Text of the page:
Figure 4
 
The position of larger vessels (red dots) in serial wax sections (yellow lines) was mapped onto the angiogram and collagen IV–stained whole mount (A). Immunohistochemistry to visualize endothelial cells (endoglin in green) and basement membrane (collagen IV in red) along the path of an arteriole (B) shows an intact endothelium in well-perfused sectors but a lack of endothelial cells in partial- or nonperfused sectors (CG). Mapping the distribution of endoglin staining within vessels (in green for intact, yellow partial, and red absent staining) onto the angiogram shows a spatial correlation between the nonperfusion and the absence of endothelial cells (H).
Figure 4
 
The position of larger vessels (red dots) in serial wax sections (yellow lines) was mapped onto the angiogram and collagen IV–stained whole mount (A). Immunohistochemistry to visualize endothelial cells (endoglin in green) and basement membrane (collagen IV in red) along the path of an arteriole (B) shows an intact endothelium in well-perfused sectors but a lack of endothelial cells in partial- or nonperfused sectors (CG). Mapping the distribution of endoglin staining within vessels (in green for intact, yellow partial, and red absent staining) onto the angiogram shows a spatial correlation between the nonperfusion and the absence of endothelial cells (H).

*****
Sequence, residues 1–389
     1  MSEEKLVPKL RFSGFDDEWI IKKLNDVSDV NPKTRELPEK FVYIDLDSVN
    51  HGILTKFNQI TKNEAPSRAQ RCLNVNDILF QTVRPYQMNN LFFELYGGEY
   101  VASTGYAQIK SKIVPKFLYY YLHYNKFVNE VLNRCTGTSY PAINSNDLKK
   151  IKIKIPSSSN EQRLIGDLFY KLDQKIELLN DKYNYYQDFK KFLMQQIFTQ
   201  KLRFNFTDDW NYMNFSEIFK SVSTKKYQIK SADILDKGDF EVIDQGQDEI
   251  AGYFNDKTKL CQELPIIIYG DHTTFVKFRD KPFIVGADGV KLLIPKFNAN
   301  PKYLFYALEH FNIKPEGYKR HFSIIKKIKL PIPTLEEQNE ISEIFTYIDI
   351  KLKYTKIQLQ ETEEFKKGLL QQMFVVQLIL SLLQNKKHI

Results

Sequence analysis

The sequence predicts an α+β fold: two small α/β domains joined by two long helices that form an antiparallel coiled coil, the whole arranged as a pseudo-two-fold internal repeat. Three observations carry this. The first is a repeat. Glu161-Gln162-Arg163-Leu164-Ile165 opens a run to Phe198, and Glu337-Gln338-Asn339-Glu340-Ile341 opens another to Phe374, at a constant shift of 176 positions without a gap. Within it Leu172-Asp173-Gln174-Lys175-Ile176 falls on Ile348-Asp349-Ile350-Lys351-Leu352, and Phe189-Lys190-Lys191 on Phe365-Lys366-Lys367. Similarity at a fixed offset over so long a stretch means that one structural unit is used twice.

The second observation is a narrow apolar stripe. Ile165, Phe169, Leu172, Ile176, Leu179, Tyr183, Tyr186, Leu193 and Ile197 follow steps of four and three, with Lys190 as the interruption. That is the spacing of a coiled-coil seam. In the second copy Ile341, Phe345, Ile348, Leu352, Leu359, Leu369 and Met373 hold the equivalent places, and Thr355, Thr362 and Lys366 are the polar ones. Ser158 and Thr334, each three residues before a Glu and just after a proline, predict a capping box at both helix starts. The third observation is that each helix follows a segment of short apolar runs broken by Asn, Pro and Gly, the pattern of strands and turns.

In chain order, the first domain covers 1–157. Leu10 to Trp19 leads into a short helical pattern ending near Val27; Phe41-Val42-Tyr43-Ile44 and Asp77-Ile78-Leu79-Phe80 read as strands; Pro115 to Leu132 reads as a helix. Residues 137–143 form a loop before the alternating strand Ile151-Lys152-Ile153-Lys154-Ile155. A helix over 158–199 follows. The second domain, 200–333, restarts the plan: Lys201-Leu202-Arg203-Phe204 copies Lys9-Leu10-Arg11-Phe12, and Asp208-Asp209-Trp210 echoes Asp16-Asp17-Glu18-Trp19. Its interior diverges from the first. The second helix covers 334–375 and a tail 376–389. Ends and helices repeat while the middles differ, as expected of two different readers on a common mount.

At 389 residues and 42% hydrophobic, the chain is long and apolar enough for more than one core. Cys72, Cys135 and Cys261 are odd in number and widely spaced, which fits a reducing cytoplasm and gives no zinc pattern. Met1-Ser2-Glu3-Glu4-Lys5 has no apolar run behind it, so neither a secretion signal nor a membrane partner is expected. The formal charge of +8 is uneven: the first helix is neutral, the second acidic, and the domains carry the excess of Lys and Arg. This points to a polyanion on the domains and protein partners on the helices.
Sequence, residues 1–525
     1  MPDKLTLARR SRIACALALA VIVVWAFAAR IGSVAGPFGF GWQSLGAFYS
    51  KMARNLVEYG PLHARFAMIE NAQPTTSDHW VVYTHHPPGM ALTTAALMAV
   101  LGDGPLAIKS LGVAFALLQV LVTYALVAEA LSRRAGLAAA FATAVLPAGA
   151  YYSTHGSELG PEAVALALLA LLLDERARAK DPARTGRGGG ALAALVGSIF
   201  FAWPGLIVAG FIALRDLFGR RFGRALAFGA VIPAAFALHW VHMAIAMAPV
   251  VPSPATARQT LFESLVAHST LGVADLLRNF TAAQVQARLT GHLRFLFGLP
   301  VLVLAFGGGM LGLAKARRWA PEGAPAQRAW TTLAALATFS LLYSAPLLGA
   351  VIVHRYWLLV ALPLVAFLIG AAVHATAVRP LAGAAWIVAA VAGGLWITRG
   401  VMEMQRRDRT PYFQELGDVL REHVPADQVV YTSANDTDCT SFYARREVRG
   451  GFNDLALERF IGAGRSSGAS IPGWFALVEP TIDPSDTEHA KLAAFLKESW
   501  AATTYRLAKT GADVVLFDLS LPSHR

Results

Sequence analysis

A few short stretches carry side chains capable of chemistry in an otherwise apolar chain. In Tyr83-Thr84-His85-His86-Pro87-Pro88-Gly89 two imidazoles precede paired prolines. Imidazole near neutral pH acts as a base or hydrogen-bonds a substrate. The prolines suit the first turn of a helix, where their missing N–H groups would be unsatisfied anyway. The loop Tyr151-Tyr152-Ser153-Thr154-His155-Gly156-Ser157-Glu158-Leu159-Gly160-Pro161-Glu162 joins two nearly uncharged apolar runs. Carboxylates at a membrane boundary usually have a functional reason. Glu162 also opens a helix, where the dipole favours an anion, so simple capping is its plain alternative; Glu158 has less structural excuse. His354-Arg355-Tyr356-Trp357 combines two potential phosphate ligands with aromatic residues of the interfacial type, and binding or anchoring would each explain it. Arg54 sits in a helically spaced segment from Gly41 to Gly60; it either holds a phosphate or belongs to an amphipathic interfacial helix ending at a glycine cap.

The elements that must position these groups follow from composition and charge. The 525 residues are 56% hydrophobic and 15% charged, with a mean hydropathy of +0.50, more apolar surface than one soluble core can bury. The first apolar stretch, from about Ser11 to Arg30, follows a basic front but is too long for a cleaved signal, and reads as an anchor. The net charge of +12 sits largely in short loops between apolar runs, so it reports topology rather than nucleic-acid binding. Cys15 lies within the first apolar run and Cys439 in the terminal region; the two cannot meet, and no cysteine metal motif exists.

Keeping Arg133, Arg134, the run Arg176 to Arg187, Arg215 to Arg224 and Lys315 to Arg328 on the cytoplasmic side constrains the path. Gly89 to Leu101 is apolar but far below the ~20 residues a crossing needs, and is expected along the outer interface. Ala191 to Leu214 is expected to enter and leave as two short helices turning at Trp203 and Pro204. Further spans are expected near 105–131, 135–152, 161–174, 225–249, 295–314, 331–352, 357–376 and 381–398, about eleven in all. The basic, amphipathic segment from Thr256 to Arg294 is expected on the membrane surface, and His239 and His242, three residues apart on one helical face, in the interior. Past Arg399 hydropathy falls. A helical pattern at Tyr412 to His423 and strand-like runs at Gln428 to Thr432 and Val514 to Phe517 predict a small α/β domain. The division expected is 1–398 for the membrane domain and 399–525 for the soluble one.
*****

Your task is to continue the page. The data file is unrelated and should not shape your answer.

Thickening of Vessel Walls
In Figures 4F, 4G it is noticeable that the collagen IV–positive basement membrane appears abnormally thick. We therefore compared the vessel walls from the affected eye and the unaffected contralateral eye. The main vessels near the optic nerve head (Fig. 5A–F) displayed a markedly thickened tunica media in the affected eye (Figs. 5B, 5E, 5F). This appears to have increased the stiffness of the vessels as veins in the affected eye maintained a circular shape in cross sections (Fig. 5B), in contrast to the collapsed appearance in the contralateral eye (Fig. 5A). However, the hypertrophic tunica media contained only marginally more α-smooth muscle actin (α-SMA)–positive cells. Increased collagen deposition was also found in smaller vessels (Figs. 5G–J). In nonperfused areas small vessels did not contain any smooth muscle cells (Fig. 5H), suggesting that not only endothelial cells but also mural cells have died in these regions. 
Figure 5